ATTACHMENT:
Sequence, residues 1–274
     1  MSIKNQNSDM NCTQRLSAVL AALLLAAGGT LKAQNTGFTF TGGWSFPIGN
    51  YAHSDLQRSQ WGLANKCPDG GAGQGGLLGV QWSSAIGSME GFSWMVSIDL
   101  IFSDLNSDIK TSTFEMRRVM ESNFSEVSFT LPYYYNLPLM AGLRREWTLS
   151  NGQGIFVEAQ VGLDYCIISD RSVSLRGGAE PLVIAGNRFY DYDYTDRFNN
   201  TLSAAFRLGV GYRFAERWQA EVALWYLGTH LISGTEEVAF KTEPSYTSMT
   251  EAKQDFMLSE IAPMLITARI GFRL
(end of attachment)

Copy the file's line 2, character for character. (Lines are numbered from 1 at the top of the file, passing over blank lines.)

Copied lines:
     1  MSIKNQNSDM NCTQRLSAVL AALLLAAGGT LKAQNTGFTF TGGWSFPIGN